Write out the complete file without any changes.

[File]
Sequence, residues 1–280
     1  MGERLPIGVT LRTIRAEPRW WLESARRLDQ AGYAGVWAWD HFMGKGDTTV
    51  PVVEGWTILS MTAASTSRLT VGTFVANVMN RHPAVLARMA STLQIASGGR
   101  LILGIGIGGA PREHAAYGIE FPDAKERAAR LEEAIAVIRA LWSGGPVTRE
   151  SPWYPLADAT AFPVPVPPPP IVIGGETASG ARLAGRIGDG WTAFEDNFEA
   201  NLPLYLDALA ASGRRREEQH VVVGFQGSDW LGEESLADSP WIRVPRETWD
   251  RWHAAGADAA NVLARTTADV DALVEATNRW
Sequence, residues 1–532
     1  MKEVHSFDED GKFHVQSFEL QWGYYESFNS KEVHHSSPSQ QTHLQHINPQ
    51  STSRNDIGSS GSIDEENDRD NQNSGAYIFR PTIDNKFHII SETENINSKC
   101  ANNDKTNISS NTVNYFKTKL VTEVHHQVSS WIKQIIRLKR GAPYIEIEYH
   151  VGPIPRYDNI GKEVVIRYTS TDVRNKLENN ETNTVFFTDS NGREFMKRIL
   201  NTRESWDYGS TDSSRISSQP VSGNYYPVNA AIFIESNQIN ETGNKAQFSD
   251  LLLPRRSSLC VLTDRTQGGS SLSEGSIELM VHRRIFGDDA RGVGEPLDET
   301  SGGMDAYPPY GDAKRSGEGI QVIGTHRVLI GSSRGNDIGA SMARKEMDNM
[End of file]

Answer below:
Sequence, residues 1–280
     1  MGERLPIGVT LRTIRAEPRW WLESARRLDQ AGYAGVWAWD HFMGKGDTTV
    51  PVVEGWTILS MTAASTSRLT VGTFVANVMN RHPAVLARMA STLQIASGGR
   101  LILGIGIGGA PREHAAYGIE FPDAKERAAR LEEAIAVIRA LWSGGPVTRE
   151  SPWYPLADAT AFPVPVPPPP IVIGGETASG ARLAGRIGDG WTAFEDNFEA
   201  NLPLYLDALA ASGRRREEQH VVVGFQGSDW LGEESLADSP WIRVPRETWD
   251  RWHAAGADAA NVLARTTADV DALVEATNRW
Sequence, residues 1–532
     1  MKEVHSFDED GKFHVQSFEL QWGYYESFNS KEVHHSSPSQ QTHLQHINPQ
    51  STSRNDIGSS GSIDEENDRD NQNSGAYIFR PTIDNKFHII SETENINSKC
   101  ANNDKTNISS NTVNYFKTKL VTEVHHQVSS WIKQIIRLKR GAPYIEIEYH
   151  VGPIPRYDNI GKEVVIRYTS TDVRNKLENN ETNTVFFTDS NGREFMKRIL
   201  NTRESWDYGS TDSSRISSQP VSGNYYPVNA AIFIESNQIN ETGNKAQFSD
   251  LLLPRRSSLC VLTDRTQGGS SLSEGSIELM VHRRIFGDDA RGVGEPLDET
   301  SGGMDAYPPY GDAKRSGEGI QVIGTHRVLI GSSRGNDIGA SMARKEMDNM